3. Do your best with what is entrusted to you. Perhaps you’ve only been given a “small” role because of your age. There is no small task in the kingdom of God. If you’re scrubbing toilets at the church, do it for the glory of God. If you’re in charge of printing off roles for Bible study groups, do it for the glory of God. If you’re teaching a Bible study, do it for the glory of God (1 Corinthians 10:31). If we are unwilling, as young leaders, to be trained, equipped, and faithful in even the smallest of tasks, we won’t be faithful in the large ones either (Luke 16:10). Don’t desire the platform before you’ve been faithful to build the kingdom of God right where you are.
4. Be confident in your calling. Whatever you do, remember this: “God’s gracious gifts and calling are irrevocable” (Romans 11:29). That word, irrevocable, means final, referring to something that cannot be changed. God who called you is your ultimate Leader, Teacher, and Guide. When God calls you to do something, He also equips you for the task. Ultimately, you are accountable to Him in the ways that you live your life and fulfill your calling. Go forward with these words propelling all that you do, “Be diligent to present yourself to God as one approved, a worker who doesn’t need to be ashamed, correctly teaching the word of truth” (2 Timothy 2:15). Don’t be ashamed, embarrassed or timid about your calling (Romans 1:16). Be confident in the One who called you.
5. Set the bar through your lifestyle. Lastly, as you aim to be confident in your calling, faithful in the little things, humble in heart, and defined by Jesus, set an example through your patterns of life. The way you talk, dress, post on social media, respond in times of difficulty, and interact with your peers are all opportunities to display the love of Christ. No moment is exempt from being His ambassador (2 Corinthians 5:20). Your life should be a living example of Jesus’ grace, hope, truth, purpose, and purity. Your words mean nothing if they are not backed up by your actions (1 Corinthians 13:1-3). If those around you look down on you due to your age, you will earn their respect and trust as you live a faithful, consistent life of discipleship, service, and love. Keep your eyes on the cross, not the crowd. You are defined by your Savior. Follow in His footsteps.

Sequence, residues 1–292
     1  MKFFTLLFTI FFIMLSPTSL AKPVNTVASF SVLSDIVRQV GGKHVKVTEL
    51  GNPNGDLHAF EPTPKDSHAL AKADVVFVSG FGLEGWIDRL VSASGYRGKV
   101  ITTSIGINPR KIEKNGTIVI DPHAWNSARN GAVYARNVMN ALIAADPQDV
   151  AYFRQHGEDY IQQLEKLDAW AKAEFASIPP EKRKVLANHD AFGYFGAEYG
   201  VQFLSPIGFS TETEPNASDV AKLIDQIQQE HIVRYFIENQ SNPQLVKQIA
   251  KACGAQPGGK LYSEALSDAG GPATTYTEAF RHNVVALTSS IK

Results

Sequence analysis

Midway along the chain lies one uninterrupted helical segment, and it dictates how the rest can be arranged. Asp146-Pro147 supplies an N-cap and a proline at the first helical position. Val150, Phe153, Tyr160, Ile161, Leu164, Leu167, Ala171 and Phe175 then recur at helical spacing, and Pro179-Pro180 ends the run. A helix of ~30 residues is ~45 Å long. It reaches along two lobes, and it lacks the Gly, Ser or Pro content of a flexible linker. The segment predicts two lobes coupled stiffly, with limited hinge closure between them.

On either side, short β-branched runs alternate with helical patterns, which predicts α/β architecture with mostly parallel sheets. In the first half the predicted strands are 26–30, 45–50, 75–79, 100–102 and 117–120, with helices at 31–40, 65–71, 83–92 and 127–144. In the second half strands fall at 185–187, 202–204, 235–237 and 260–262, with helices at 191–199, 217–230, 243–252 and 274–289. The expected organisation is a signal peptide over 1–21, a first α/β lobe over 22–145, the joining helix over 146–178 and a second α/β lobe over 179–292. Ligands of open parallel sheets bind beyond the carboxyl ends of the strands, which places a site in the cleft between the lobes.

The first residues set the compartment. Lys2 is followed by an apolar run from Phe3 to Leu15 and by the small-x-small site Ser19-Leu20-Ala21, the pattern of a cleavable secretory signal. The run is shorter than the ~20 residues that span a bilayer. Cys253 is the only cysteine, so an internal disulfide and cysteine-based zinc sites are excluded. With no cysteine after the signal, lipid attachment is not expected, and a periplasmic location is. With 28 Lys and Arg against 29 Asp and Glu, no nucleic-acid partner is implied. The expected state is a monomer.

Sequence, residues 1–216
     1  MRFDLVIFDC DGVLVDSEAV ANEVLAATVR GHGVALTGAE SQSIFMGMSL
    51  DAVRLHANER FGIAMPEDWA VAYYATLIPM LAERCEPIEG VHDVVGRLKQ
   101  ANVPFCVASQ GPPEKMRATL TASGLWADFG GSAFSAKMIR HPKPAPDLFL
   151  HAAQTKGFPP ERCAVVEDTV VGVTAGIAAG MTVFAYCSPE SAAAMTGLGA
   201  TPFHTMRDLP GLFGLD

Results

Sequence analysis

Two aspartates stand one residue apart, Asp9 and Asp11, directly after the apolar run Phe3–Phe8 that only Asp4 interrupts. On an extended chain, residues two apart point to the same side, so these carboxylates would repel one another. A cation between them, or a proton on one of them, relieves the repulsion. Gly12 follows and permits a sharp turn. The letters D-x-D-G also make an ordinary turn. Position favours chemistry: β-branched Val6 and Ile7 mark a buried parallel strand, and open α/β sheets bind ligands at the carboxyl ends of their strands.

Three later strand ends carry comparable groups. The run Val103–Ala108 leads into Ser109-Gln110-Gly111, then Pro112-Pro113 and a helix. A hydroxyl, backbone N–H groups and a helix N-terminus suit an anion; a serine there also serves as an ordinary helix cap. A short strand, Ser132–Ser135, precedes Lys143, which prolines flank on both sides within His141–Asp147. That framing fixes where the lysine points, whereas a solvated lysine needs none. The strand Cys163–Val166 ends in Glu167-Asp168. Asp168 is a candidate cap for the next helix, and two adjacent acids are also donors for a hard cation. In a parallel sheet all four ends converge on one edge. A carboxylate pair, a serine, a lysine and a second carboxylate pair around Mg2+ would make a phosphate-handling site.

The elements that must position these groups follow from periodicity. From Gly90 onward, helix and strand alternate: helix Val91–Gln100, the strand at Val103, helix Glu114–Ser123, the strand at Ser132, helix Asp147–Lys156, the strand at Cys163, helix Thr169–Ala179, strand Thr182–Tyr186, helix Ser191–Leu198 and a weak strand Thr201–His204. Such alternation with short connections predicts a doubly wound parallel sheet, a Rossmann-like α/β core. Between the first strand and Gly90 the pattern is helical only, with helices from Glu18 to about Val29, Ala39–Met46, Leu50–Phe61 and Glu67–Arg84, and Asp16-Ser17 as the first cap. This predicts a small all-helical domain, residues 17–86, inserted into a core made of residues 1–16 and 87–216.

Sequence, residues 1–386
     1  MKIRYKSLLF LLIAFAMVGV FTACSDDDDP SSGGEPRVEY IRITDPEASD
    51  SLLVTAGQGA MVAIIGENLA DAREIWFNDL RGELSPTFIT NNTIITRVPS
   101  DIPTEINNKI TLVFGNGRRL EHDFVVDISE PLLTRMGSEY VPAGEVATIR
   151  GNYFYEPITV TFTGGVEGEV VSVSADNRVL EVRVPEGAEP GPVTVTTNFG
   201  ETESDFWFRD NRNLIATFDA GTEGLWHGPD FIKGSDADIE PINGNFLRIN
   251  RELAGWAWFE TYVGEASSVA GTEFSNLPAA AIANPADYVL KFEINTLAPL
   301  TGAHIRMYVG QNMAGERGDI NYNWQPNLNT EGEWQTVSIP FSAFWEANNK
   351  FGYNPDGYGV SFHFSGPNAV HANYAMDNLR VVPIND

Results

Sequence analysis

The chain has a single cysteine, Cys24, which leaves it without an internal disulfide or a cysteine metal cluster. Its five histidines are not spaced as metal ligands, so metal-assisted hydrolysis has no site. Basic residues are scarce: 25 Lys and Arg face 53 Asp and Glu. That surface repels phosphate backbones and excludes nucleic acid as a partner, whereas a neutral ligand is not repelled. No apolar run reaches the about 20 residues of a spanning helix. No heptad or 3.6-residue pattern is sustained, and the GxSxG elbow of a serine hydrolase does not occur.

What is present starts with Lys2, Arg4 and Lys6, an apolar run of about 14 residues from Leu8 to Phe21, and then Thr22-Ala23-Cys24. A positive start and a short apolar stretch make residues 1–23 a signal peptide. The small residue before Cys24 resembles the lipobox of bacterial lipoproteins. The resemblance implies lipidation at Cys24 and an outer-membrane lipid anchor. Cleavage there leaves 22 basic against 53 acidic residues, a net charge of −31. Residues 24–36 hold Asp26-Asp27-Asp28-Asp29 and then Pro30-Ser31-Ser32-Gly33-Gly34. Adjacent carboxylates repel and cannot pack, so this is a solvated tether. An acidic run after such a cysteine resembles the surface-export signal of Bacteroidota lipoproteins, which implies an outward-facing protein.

It’s been five years since I first started my journey in women’s ministry, and I still haven’t even reached my thirties. But one thing I have learned at my “young” age of 28 is this: at the end of the day, the message and hope of the gospel within us is the same, regardless of our age. When our hearts are solely set on knowing Jesus and making Him known, the age brackets disintegrate and our arms become linked together as we follow Him. The older woman who initially asked me how old I was later became a dear friend and mentor of mine. God linked our arms together to minister together and to one another. Our age gap of several decades ultimately meant no difference because we both love and follow the same God. I have come to embrace the fact that learning to lead while I’m young is actually a process of discipleship and learning to follow Christ, and that’s a lesson that I’ll still be learning even when I’m old and gray.
Gretchen Saffles is passionate about encouraging and equipping women to dig into the Word of God and find their identity and purpose in Christ. She is the founder of Well-Watered Women, an online women’s ministry that reaches worldwide. She has written several Bible studies including “Redefined: Identity in Christ” and “Proverbs 31: Women of Dignity, Washed in Grace.” She is also the creator of the “Give Me Jesus” quiet time journal for women. Through her online ministry she longs to meet women right where they are with the hope of the gospel and ignite a desire in their hearts to know Jesus more. On any given day you can find her with a coffee cup in hand, a toddler by her side, a message stirring in her soul, and a God-sized dream on her heart. Gretchen lives in Atlanta, Georgia with her husband, Greg, and her son, Nolan.